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TonyTax
TonyTax, Tax Consultant
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My wife and I invested £7128.10 in Axa(now Friends Provident)

Customer Question

My wife and I invested £7128.10 in Axa(now Friends Provident) Deferred Distribution Fund
Bonds in August 1992. In 2002 we decided to take an income of £49.98 per month, and
we are still taking it. According to my calculations we shall use up the full original
investment monies in a couple of months time. My wife is a non taxpayer and I am a basic
rate taxpayer, and, as it would appear that the 5% per year free of tax allowance has been
breached,will we be liable for any income tax. Also if we continue with the £49.98 per
month until we, perhaps, decide to cash in this investment (now worth £21,280.41) what
will the tax position be then. Incidentally, my income including my private and old age
pensions, are nowhere near the 40% band. Many thanks if you can advise me.
Submitted: 2 years ago.
Category: Tax
Expert:  TonyTax replied 2 years ago.

Hi.

Is the policy a UK or an offshore policy? Have you ever exceeded the accumulated 5% annual withdrawal limit?

Customer: replied 2 years ago.

The policy is a UK policy and as I took no income from


the policy for the first ten years I understood that the


unused portion of the 5% allowance could be added


to the following years until the tax free allowance was


used up.

Expert:  TonyTax replied 2 years ago.
Thanks.

Leave this with me while I draft my answer.
Customer: replied 2 years ago.

If it's any help my annual income this financial year


is approx. £21,300 and my wife's approx.£8,500.

Expert:  TonyTax replied 2 years ago.

Hi again.

You can roll up the unused 5% annual allowances.

As the policy is a UK policy, any chargeable event gain is treated as basic rate tax paid so you would only have further tax to pay if the gain or the top-slice of the gain took you into the 40% or higher tax bands.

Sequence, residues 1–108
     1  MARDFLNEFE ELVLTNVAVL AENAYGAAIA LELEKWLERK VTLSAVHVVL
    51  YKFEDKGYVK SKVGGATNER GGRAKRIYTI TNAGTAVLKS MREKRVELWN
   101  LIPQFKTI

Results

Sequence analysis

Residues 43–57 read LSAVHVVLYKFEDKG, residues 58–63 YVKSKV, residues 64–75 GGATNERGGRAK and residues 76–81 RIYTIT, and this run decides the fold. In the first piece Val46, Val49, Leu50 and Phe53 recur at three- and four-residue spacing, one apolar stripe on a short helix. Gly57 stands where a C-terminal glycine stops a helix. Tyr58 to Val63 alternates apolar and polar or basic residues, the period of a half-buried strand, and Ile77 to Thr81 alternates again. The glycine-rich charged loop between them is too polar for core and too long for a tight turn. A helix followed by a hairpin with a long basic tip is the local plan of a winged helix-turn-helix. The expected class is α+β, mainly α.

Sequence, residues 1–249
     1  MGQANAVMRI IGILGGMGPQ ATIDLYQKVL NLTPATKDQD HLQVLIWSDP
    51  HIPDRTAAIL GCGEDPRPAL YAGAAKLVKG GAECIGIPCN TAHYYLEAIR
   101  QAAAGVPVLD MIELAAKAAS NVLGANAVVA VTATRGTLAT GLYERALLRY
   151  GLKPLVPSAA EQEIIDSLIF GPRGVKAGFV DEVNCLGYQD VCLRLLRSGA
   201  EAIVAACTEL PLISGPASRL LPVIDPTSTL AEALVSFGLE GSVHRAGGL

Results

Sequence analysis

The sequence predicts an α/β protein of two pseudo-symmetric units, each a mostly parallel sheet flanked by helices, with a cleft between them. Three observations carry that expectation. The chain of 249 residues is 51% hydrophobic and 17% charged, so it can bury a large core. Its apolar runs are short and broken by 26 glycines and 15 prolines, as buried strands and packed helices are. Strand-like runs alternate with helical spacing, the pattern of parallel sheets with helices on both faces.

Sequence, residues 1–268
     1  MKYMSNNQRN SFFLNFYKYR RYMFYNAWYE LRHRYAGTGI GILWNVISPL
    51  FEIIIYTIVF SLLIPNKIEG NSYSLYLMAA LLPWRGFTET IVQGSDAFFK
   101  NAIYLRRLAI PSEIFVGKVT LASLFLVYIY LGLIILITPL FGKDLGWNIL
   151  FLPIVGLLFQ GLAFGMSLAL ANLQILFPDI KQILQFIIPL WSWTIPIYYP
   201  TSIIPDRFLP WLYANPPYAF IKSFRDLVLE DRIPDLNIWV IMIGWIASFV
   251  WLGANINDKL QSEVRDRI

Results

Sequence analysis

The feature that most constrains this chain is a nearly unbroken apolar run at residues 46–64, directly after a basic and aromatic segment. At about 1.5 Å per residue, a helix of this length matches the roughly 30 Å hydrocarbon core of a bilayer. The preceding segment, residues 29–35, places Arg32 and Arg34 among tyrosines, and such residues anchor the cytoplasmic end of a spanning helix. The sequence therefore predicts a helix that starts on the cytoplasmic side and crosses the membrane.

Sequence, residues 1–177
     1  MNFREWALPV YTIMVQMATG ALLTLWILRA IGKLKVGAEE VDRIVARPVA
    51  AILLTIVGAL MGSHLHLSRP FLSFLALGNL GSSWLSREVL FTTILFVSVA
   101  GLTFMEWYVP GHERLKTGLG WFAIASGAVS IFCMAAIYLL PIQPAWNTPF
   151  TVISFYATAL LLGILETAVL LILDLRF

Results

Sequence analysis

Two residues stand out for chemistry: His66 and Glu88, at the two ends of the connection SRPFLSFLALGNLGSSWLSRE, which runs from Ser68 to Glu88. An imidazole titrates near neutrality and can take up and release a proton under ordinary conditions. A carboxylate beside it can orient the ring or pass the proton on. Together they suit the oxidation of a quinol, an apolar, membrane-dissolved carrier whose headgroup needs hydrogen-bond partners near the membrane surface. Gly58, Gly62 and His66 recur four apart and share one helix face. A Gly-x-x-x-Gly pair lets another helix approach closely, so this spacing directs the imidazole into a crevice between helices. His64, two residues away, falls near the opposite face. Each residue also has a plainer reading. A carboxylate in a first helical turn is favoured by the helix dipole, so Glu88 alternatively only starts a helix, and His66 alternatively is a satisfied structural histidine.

From the point that you have effectively withdrawn all your original investment, any withdrawals are treated as chargeable event gains. So, if you withdraw £600 in a year, that will be a gain which is deemed to have suffered tax of £120 and it will be split between you and your wife, £300 each.

You divide the gain by the number of years since the last chargeable event to arrive at the top-slice. As you have had no previous chargeable events, you will dividing the gain by a number over 20 for the first one and by one each year thereafter. Add the top-slice to your income to see if that takes you into the 40% tax band. I doubt it will from what you told me. If it does, then the tax will be 20% of the amount of the top-slice that takes you into the 40% tax band multiplied by the number of years since the last chargeable event.

When you finally cash in the policy, the gain will be calculated by taking the proceeds, adding the previous payments and deducting from the result of that calculation the original investment amount and the previous chargeable event gains. Take at look at the examples here.

I hope this helps but let me know if you have any further questions.

Customer: replied 2 years ago.

Thank you for your answer. According to the Pru's


notes a chargeable event gain on UK bonds is not


liable to basic rate tax. The individual or individuals


who are liable for the tax under the chargeable event


regime are treated as having paid tax at the basic rate


on the amount of the gain,notional tax not repayable.


That surely applies to my wife and myself,does it not?

Expert:  TonyTax replied 2 years ago.

It does apply to you and your wife and that is what I said in my answer. This is taken from my answer:

"As the policy is a UK policy, any chargeable event gain is treated as basic rate tax paid so you would only have further tax to pay if the gain or the top-slice of the gain took you into the 40% or higher tax bands."

I have highlighted the words "only" and "if" in this post. I explained how it all works so you would know how to check and confirm that you had no tax to pay as opposed to making an assumption that you had none to pay.

Expert:  TonyTax replied 2 years ago.
I have to go out for a while but I will be back to answer any further questions you may have.

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